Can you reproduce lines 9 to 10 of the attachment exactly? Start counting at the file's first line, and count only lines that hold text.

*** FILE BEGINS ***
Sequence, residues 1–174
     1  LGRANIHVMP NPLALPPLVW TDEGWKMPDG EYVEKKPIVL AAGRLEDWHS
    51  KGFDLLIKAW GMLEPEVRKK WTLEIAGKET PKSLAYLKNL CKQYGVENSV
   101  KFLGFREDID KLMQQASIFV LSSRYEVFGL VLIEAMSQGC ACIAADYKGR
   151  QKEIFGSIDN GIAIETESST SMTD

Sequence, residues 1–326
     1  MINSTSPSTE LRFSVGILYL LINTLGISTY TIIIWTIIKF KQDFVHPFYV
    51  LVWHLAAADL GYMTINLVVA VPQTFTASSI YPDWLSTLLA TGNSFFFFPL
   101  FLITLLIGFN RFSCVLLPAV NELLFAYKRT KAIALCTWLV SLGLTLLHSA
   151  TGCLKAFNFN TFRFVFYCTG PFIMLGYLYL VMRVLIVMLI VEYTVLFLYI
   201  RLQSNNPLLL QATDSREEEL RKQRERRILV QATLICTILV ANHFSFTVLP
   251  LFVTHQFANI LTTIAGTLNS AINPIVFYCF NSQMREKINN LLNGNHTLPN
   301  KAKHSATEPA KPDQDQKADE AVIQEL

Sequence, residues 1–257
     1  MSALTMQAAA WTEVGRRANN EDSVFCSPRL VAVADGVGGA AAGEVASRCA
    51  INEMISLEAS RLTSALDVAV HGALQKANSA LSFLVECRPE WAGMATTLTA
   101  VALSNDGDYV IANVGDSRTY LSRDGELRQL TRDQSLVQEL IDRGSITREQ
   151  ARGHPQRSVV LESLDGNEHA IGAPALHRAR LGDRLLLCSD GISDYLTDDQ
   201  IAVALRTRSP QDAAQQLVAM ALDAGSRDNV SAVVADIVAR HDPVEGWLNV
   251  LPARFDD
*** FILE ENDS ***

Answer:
   101  FLITLLIGFN RFSCVLLPAV NELLFAYKRT KAIALCTWLV SLGLTLLHSA
   151  TGCLKAFNFN TFRFVFYCTG PFIMLGYLYL VMRVLIVMLI VEYTVLFLYI